Addie and Louis don’t exactly have the love affair to end all love affairs planned, except in the sense that they hope it’ll be their last. “I just want to live out my day and then come tell you about it at night,” he offers, one weary Colorado octogenarian to another, and that suits her needs just fine. That line encapsulates the modesty of the drama in “Our Souls at Night,” an anodyne, autumnal adaptation of Kent Haruf’s slender swansong novel: The real conflicts and crises in these lovers’ lives have passed years before, in separate relationships, and it’s their joint attempts to reappraise those that gives Ritesh Batra’s wheaten-hued film much of its poignancy. The rest it owes to the residual low-key chemistry of stars Robert Redford and Jane Fonda in their fourth screen collaboration; nearly 40 years after “The Electric Horseman,” they resume their partnership as comfortably and as unfussily as slipping into a broken-in pair of high-waisted jeans.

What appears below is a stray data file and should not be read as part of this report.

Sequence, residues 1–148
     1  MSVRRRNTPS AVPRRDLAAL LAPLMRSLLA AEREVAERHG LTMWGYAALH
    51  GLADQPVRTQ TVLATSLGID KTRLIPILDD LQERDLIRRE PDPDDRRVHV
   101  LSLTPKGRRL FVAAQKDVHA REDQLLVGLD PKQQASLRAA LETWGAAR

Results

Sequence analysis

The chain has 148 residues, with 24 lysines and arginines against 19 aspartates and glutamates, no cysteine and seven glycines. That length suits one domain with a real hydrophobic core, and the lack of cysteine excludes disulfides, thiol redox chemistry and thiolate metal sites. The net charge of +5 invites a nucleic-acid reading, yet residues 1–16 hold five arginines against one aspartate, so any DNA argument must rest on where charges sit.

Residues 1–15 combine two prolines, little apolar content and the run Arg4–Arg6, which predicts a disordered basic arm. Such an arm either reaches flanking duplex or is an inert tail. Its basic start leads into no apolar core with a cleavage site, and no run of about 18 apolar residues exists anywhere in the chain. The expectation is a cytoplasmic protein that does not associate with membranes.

Netflix will be releasing “Our Souls at Night” to its global platform on September 29, mere weeks after its glittery Venice Film Festival premiere. While there’s been much to-do recently over the streaming giant’s spurning of theatrical release models, it’s hard to deny that the small screen may be the most natural fit for Batra’s film, given its pleasantly mollified storytelling and blandly unassuming visual style. Ill-served older audiences seeking gentle entertainment should eat up “Our Souls at Night,” provided they’re already accustomed to the new release model. (Netflix has, after all, already served Fonda rather well with the sitcom “Grace and Frankie.”) There is a certain irony, however, in the web distributing a film in which the characters themselves take a decidedly circumspect attitude to new technology — at least, until smartphones bring the old dogs closer to the possibilities of the late-night “u up?” text.